Good point. I can probably skip the pot cozy in the fall, but in the winter it keeps my coffee hot long enough to actually enjoy it. I can sip coffee on a cold morning for a while, while I let the meal cook separately. The freezer bag cozy saves a lot of fuel weight, I've learned.
"It's the ozarks I know so rocks can be problematic but needle stakes and tying off to bushes/rocks will shave off the weight necessity of the MSR groundhog stakes."
You can't always depend on rocks and bushes. I've had lighter stakes, but they were lousy. I think most in the hammocking community seem to prefer MSR Groundhogs to keep our high strung tarps from blowing away. I drilled holes in a few of the stakes, but hey collected dirt and it didn't really save weight. I can get by with only 6 stakes though.
"Replace the hip belt pockets with some sil-nylon stuff sacks that can attach to the same place."
Thought about it, but I do like my Granite Gear pockets and realize the flimsy stuff sacks would get on my nerves.
I'm not stubbornly resistant to change, just looking for ideas and telling you what I've learned from my experiences, intolerance for tacky-ugly things, and comfort threshold. I think I'm getting closer to my limits, other than shelling out the big bucks for a new pack, quilt, and tarp, besides those things would only amount to about 20 oz in weight savings perhaps.Jul 21, 2009 at 2:03 pm #1515476
I'm originally from south central Missouri, so I understand about the water issues. That said, pre-trip planning can make a huge difference in water needs. Go beyond looking at a map, spotting a small stream and calling it good. Instead, call ranger stations and check websites that list water flow levels.
I think that your next big hurdle to overcome isn't financial investment, but instead learning to make some of your own gear. There are tons of cheap options for a lot of the things such as trekking poles and such.
Don't discount carbon fiber until you've actually tried it from well respected design. The gossamer gear poles I received have more than proved themselves. As a note, I weight 220, so it's not like I'm easy on them.
Denatured alcohol is available at REI but more readily in the paint section of nearly all hardware stores.
If you have a strong preference for tanking up, I'd suggest looking into UV options. While a bit unproven, the Muv from aquastar is light AND cheap. From experience they have good customer service, but I've never used that model, only their older model.
Water carrying options: A large (3L) platty doesn't weigh much more than a small platty and will still be lighter than your nalgene canteen. For longer stretches, you can always just fill it up more and use it to refill your gatoraid bottles as needed.
Regarding headbands for LED lights – I use a thin rubber band that doesn't register on my scale as less than 0.1 oz. I clip my Photon Rex's clip to the rubber band and slide the rubber band on my head, keeping the light under the band so that the button faces outward. It works supprisingly well in all conditions. The rex can be charged in the field using any of your spare aaa, aa or any other standard battery.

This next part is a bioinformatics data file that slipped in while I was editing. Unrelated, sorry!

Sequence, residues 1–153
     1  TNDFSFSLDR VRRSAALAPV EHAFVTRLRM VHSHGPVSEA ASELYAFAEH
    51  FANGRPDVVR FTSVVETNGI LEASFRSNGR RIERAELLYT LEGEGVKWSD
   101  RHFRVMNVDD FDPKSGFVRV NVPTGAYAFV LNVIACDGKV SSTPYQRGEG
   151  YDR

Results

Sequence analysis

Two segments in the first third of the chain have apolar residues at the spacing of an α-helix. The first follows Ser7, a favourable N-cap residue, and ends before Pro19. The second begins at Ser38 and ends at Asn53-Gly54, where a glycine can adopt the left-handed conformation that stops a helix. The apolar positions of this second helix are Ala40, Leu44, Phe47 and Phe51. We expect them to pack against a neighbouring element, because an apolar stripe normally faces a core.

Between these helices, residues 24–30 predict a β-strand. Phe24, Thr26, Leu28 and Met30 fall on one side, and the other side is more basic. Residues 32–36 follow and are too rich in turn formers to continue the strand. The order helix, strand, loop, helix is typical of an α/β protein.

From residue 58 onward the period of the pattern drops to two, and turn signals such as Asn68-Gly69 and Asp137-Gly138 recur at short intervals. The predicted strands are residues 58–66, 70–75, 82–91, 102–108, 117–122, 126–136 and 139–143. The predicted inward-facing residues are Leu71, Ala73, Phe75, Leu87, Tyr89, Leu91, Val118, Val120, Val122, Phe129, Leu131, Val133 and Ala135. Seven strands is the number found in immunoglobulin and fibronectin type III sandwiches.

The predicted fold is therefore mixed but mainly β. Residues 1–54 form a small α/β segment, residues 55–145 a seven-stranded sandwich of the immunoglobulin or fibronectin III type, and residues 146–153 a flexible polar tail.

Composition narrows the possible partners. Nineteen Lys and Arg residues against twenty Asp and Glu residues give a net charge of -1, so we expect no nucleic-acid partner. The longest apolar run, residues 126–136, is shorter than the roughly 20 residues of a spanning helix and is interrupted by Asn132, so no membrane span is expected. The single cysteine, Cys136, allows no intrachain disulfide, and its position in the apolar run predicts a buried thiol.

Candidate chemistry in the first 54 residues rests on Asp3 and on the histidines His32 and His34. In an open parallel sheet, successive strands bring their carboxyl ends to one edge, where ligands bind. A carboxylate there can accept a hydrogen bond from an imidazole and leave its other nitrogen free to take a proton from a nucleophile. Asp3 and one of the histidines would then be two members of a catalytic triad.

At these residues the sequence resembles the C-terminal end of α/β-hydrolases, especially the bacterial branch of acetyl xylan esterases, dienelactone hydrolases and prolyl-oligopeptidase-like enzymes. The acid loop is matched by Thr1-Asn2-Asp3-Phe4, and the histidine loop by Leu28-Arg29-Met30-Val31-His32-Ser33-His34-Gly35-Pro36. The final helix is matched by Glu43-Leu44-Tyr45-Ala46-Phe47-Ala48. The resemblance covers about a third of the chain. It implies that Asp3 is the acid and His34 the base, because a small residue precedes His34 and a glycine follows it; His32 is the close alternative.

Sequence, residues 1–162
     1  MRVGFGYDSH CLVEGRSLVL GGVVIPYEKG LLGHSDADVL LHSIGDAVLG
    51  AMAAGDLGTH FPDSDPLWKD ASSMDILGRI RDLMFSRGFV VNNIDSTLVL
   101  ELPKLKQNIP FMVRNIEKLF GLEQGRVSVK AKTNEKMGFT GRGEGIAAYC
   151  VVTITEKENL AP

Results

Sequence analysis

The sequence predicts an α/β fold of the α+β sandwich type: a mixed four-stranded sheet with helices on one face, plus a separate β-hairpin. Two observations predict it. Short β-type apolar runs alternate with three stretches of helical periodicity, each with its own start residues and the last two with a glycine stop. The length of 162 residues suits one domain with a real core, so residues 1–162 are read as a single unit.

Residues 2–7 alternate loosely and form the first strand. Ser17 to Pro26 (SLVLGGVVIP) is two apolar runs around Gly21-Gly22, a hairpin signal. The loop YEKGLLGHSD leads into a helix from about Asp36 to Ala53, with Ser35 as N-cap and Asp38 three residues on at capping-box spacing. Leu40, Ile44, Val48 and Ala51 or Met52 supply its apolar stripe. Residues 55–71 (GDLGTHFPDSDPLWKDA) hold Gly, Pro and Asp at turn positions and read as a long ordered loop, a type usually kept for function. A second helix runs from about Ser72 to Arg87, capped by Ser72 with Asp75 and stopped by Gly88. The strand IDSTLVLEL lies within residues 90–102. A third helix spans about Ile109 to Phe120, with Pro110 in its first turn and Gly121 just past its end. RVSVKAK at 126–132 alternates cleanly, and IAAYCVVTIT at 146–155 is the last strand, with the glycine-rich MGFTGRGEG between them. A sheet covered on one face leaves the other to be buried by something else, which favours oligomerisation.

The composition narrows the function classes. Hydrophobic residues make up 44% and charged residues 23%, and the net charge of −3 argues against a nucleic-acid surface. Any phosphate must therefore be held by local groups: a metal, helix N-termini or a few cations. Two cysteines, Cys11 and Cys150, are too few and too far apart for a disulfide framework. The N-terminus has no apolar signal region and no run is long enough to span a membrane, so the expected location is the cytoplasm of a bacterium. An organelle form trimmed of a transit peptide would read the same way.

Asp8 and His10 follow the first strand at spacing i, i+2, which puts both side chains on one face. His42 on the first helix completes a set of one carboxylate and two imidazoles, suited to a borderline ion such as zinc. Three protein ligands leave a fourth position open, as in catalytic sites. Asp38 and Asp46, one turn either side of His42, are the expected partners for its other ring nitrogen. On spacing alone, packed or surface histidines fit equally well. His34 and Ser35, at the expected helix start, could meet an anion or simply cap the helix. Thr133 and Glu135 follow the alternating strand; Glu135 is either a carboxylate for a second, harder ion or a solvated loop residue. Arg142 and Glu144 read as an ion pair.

To lighten your camera, carry lithium batteries. For tripods, use the forum search on here as there are 3oz fullsized tripod designs and mini tripods that are less than an ounce.
No, you can't count on rocks and bushes being where other people want to camp, but the advantage of hammock hanging is that you get to have a lot more options where YOU setup. I used my hennesay hyperlight a lot in Missouri and Akansas and rarely used any stakes at all. I carried one MSR groundhog and one needle stake, the groundhog doubled as a poo trowel.
I'm unfamiliar with that hammock's stake needs, but you can sometimes use a Y of cord to join two tie outs together and use half as many stakes.
Use weed eater line to stiffen up the brim of your sil-nylon bags to hold them open.Jul 21, 2009 at 2:46 pm #1515486
Thanks for the tips, Joe. I'm sure by the time I actually go out, I'll make a change or two, depending on the cost/weight benefit of the goal.
"call ranger stations and check websites that list water flow levels."
Trying to ask rangers about hiking things here is a dead end street, they are understaffed also. There are not that many USGS water gauges, and the ones that there are are usually on larger streams. I check them regularly for canoeing purposes. I'm usually pretty good at guessing, but I count on the creeks being dry, if that makes sense.
"The gossamer gear poles I received have more than proved themselves."
Good point, I may have to give some a try, when I spot a good deal. I think with a little common sense I could avoid snapping them. It's not like I'm going on major expeditions here.
"Denatured alcohol is available at REI but more readily in the paint section of nearly all hardware stores."
I'll find some and try it out.
"I'd suggest looking into UV options."
I'm not too crazy about UV systems. They also aren't really much lighter than my 6 oz Timberline.
"Water carrying options: A large (3L) platty"
Actually, it's on the list, I plan on getting a 2L 1.3 oz. Platy bladder one of these days, probably just to jack an order up over $50 for free shipping.
"I clip my Photon Rex's clip to the rubber band"
Good tip. I sure did like the $5. 1.3 oz Energizer one I found at Wally World though. Might have to shell out for one of these.